The BRE / British Stone Stone List


Introduction

Full project details

Stone list

BRE Home Page

British Stone
Home Page

Petrography | Durability | Test Results

Technical Data Sheet
Copp-Crag Sandstone
Copp-Crag Quarry
Dunhouse Quarry Works, Staindrop Darlington,
County Durham DL2 3QU,England
Contact : Dunhouse Quarry Ltd
Tel. +44 (0) 1833 660 208; +44 (0) 1833 660 749
FAX +44 (0) 1833 660 748
Email : enquiries@dunhouse.co.uk
Web site : http://www.dunhouse.co.uk
Grid reference : NY 822 995
Compiled May 2000

This data sheet was compiled by the Building Research Establishment (BRE). It is based on data from tests carried out at BRE (2000). The data sheet was compiled in May 2000. The work was carried out by BRE as part of a Partners in Technology Programme funded by the Department of the Environment, Transport and the Regions and Dunhouse Quarry Co. Ltd. and does not represent an endorsement of the stone by BRE.

General
The Quarry is at Byrness and is operated by Dunhouse Quarry Ltd.. It is part of the Lower Carboniferous group of sandstones. The bed height is greater than 2m and maximum block size is 2 x 2.5 x1.5 m with a maximum supplied size of 1.5 x 2 x 1.5 m. There are suitable reserves and material can be supplied in a variety of formats.

Petrography 
Copp-Crag is a yellow-brown fine grained, non-calcareous sandstone.

Expected Durability and Performance 
It is important that the results from individual tests are not viewed in isolation. They should be considered together and compared to the performance of the stone in existing buildings and other uses. Sandstone is traditionally acknowledged as generally being a very durable building and paving stone and has been used extensively in many towns and cities in the UK. Copp-Crag sandstone appears to be a durable stone that will have moderate resistance to acid rain or air pollution. In addition, the slight weight lost in the sodium sulphate crystallisation test indicates moderate resistance to salt damage special consideration may be required for locations with harsher environments (for example in coastal locations or from de-icing salts). From the frost test the stone should also have good frost resistance. The compressive and flexural strength of the stone is in the lower end of the range for sandstones. The density and compressive and flexural strength indicate that the stone should be suitable for use in medium trafficked areas.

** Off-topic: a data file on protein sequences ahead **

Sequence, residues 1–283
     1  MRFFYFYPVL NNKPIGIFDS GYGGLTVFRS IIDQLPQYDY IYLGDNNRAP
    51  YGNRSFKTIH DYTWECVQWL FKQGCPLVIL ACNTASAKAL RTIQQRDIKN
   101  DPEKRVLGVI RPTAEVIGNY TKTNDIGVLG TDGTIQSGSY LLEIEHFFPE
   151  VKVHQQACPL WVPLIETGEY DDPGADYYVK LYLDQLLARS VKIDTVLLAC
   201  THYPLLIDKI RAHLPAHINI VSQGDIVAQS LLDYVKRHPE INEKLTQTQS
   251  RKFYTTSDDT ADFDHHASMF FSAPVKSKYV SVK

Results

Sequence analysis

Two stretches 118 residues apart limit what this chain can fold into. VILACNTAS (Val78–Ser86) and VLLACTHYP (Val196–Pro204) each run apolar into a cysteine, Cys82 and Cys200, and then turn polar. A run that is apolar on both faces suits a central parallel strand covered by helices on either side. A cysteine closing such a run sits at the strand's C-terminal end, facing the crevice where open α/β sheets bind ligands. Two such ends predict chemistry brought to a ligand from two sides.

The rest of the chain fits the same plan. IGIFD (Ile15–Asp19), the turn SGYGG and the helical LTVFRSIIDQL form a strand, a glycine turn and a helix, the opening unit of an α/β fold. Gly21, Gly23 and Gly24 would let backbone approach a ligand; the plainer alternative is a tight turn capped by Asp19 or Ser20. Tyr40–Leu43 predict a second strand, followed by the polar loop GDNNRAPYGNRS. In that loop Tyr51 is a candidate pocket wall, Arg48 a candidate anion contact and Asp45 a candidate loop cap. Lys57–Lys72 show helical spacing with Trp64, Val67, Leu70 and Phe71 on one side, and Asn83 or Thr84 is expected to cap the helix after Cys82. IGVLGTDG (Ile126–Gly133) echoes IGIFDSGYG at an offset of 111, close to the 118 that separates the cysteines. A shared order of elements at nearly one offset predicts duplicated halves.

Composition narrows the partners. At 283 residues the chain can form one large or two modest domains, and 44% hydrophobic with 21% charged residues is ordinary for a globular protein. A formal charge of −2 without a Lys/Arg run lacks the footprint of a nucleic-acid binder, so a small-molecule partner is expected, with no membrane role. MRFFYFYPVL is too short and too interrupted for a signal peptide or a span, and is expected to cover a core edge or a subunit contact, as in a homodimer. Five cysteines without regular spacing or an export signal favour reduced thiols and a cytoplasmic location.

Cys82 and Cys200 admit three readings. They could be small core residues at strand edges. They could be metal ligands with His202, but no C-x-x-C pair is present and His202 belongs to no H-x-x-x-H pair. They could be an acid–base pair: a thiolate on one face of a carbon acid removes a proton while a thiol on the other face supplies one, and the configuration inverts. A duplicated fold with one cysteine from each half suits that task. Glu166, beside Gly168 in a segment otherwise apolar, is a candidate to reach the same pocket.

Overall, Copp-Crag should be suitable for use in general use in all aspects of construction including flooring, paving, load bearing masonry and cladding. Special consideration should be taken in uses with a very severe environment or where a long service life is needed.

Test Results - Copp Crag
Safety in Use 
Slip Resistance (Note 1) 

84

Wet Values > 40 are considered safe. 
Abrasion Resistance (Note 1)

Not Tested

Values <23.0 are considered suitable for use in heavily trafficked areas
Strength under load 
1) Compression(Note 2) 

89.4 MPa

Loaded perpendicular to the bedding plane ambient humidity
2) Bending (Note 1) 

4.1 MPa

Loaded perpendicular to the bedding plane ambient humidity 

Not Tested

Loaded perpendicular to the bedding plane ambient humidity 
Porosity and Water Absorption 
1) Porosity (Note 3) 

17.8%

2) Saturation Coefficient (Note 3) 

0.57

3) Water Absorption

4.6 % (by wt)

4) Bulk specific gravity 

2186kg/m3

Resistance to Frost 
Flexural strength after Freeze/Thaw Test (Note 1) 

3.6 MPa

Loaded perpendicular to the bedding plane ambient humidity
Resistance to Salt 
Sodium Sulphate Crystallisation Test (Note 3)

-0.99% Mean wt loss

Resistance to Acidity 
Acid Immersion Test(Note 4)  

Pass 

(Test methods Note 1 = EN1341, Note 2 = EN 1342, Note 3 = EN 1341 /BRE 141, Note 4 = BRE 141)

Tests were carried out at BRE in 2000

Back to top of page | Back to stone list